Cargill and InnovaFeed expand alliance to cover supplementation of pig feed with insect oil

By Jane Byrne

- Last updated on GMT

Vertical insect production © InnovaFeed
Vertical insect production © InnovaFeed

Related tags insect oil Protein lauric acid medium chain fatty acids France

US agribusiness group, Cargill, and French biotech firm, InnovaFeed, are aiming to feed 20 million piglets with insect oil by 2026 as they expand their original collaboration agreement.

Cargill and InnovaFeed announced a partnership back in 2019, with that alliance initially focusing on insect feed for aquaculture production.

"The expansion of this partnership will include more species, starting with the use of oil derived from insects for pig feed,"​ the companies said in a joint statement on Monday [May 3].

The use of insect protein in monogastric production is yet to be approved within the EU. Thus, the biotech cannot provide estimations on when the partners would pursue a tie-up in that direction. However, Maye Walraven, head of business development, InnovaFeed, told FeedNavigator the company has already been active in R&D work in relation to the use of insect meal in those species over the past few years. 

Insect_oil[1] innovafeed
Insect oil © InnovaFeed

The company’s Black Soldier Fly (BSF) derived protein production plant in Nesle, a commune in the Somme department in northern France, started operations last November. “This site is currently in the ramp-up phase and will provide the volumes necessary for the commercial partnership with Cargill,”​ said Walraven.

InnovaFeed plans to open several additional production sites, those facilities would be similar in scale to Nesle in terms of production capacity; the next one, which the company announced at the time of the inauguration of its French facility, will be located in Decatur, Illinois, in the US.

“This ambitious deployment plan will allow InnovaFeed to significantly increase its production capacity over the upcoming years to meet market demand,” ​said Walraven.

Nutritional benefits

To evaluate insect oil as a swine feed ingredient, Cargill and InnovaFeed conducted numerous feed trials in swine, comparing the impact of different oil sources: “The trials were initially conduct in R&D stations - either in house at Cargill facilities or at an independent third party’s operations. The studies allowed the team to closely monitor performance and to undertake statistical analysis of the results. These trials where then replicated in commercial operations to validate performance at large scale on several hundred pigs,” ​said the executive.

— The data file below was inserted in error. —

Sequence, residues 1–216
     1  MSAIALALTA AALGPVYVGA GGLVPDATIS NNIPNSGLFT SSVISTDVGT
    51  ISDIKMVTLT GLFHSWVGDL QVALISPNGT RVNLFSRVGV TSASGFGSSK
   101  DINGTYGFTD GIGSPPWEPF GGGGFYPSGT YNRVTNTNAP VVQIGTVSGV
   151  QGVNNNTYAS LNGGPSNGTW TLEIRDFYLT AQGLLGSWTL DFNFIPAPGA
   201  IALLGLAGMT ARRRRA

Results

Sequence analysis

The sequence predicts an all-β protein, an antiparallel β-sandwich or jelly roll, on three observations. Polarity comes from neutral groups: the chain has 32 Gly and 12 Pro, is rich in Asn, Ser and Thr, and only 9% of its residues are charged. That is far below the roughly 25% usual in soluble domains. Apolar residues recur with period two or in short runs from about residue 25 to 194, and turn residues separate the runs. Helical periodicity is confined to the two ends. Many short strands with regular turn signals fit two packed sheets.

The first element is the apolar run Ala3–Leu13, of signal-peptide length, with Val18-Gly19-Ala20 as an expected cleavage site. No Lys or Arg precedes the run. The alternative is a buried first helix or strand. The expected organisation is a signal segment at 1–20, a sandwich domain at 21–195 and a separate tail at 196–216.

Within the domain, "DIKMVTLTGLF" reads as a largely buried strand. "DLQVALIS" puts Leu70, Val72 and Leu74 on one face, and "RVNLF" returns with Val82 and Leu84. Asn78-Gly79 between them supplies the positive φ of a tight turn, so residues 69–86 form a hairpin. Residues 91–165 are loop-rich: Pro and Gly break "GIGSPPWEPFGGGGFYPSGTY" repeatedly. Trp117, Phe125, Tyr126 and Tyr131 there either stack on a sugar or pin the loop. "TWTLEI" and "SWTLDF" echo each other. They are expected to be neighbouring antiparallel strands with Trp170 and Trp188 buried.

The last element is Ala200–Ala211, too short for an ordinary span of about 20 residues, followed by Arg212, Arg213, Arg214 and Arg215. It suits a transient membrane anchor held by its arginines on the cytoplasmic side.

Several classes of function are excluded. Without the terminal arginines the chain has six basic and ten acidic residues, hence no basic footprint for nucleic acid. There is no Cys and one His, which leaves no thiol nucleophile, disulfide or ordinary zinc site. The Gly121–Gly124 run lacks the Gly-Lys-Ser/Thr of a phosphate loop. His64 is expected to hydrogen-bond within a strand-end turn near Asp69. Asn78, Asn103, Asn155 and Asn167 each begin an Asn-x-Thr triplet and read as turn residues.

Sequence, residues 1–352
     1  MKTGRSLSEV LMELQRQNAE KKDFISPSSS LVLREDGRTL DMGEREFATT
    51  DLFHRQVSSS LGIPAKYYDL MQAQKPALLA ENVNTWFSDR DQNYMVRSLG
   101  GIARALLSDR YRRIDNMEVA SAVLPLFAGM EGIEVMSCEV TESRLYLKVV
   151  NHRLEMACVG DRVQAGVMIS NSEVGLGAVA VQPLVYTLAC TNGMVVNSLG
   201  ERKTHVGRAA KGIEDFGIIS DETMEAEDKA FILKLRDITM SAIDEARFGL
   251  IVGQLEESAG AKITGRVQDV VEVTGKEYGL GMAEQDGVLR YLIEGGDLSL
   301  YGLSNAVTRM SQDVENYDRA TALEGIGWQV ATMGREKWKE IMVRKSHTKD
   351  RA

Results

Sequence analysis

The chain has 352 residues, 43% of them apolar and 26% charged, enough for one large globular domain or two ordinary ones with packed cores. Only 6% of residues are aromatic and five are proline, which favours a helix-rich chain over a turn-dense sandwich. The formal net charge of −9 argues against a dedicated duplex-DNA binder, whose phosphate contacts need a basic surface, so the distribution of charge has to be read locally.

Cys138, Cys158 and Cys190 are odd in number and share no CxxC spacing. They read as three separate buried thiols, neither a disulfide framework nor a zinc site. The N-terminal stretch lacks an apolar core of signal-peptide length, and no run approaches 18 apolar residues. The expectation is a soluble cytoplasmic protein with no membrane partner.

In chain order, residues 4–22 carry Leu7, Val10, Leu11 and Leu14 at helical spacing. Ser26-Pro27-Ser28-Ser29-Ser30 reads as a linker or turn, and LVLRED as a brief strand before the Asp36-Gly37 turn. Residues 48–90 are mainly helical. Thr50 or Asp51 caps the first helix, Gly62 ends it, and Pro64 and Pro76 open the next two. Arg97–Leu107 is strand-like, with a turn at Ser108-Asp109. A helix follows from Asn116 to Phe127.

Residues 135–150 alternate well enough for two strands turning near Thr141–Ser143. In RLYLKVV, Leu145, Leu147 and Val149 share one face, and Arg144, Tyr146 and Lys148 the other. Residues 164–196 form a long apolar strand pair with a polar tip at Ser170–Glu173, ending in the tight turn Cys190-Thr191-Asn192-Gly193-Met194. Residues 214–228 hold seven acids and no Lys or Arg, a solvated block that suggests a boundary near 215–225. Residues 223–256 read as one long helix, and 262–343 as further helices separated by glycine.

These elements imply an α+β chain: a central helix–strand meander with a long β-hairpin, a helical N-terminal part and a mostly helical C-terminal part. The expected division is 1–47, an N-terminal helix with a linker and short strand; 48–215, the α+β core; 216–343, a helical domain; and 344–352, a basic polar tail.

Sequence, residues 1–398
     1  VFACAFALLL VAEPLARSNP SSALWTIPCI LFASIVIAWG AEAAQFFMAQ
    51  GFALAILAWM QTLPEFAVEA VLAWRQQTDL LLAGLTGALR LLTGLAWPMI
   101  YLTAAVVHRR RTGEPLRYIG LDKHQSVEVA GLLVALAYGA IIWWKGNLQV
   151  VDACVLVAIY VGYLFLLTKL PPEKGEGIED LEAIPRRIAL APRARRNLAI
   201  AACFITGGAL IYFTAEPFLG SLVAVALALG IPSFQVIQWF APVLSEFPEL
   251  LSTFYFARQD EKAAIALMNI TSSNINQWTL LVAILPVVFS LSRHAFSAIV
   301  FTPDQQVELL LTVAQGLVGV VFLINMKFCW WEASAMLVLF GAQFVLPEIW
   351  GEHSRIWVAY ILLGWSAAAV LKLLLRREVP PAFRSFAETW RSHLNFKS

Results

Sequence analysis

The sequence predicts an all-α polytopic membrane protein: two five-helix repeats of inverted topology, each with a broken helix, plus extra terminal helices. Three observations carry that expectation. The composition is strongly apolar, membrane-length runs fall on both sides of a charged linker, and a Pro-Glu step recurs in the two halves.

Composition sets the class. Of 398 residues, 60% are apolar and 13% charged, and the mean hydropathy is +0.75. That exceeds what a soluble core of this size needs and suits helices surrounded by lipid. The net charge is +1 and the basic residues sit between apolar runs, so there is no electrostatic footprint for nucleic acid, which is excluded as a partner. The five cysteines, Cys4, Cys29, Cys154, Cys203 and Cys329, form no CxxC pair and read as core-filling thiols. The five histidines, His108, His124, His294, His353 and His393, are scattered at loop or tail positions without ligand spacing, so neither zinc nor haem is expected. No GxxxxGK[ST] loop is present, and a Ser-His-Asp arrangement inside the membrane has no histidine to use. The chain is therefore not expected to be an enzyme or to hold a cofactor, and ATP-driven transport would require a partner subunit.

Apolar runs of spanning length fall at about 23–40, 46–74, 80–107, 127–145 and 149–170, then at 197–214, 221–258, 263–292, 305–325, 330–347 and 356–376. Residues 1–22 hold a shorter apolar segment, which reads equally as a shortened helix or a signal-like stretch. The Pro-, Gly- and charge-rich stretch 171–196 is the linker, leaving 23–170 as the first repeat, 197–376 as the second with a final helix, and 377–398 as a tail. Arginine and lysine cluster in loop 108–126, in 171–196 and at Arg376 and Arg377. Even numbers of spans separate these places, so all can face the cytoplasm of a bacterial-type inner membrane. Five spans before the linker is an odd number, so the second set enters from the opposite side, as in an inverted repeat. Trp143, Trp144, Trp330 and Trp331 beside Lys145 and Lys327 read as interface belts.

The teams found the nutritional profile of insect oil fits well with swine requirements, making it possible to supplement or replace vegetable oil without negative effects on performance. In terms of which vegetable oils this insect oil replacing, she said comparisons were drawn with various plant-based oils typically used in swine feed formulation: soy, coprah, PKO, rapeseed, palm, and a medium chain fatty acids (MCFA) mix.

Naturally present in their diet in the wild, insect oil is rich in lauric acid, a fatty acid that helps improve the intestinal health of animals, especially piglets, said the partners

They noted several scientific studies that demonstrate the positive impact of lauric acid and MCFAs on animals’ intestinal health including a review​ led by Charlie Elrod from the Department of Animal Science, Cornell University, which was published last year.

The Cargill-InnovaFeed research findings also signposted additional performance and health benefits from the use of insect oil in pig feed: “Insect oil appeared to have positive effects on growth in piglets: they gained more weight, indicating benefits in terms of improved digestibility of ingredients. Clear improvement of feces quality - less liquid, lower bacterial count - was also observed.”

InnovaFeed says it has developed technology that reproduces the life cycle of the insect Hermetia Illucens ​(BSF) on a large scale.

"Our vertical farm covers 25,000m² and combines several floors to reach more than 12m in height. On this fully automated production site, more than 20,000 eggs are collected per second, without human intervention. Automatic larval counting relies on artificial intelligence and optical recognition for large-scale manipulation of microscopic larvae."

Its production unit in Nesle is co-located with Tereos (starch manufacturer) and Kogeban (biomass plant), which the biotech says is a great example of industrial collaboration.

"It will enable InnovaFeed to acquire a supply of quality raw materials and, for Tereos, to locally valorize its co-products while limiting the energy needs associated with their processing. The co-location with Kogeban enables InnovaFeed to harness its waste energy."

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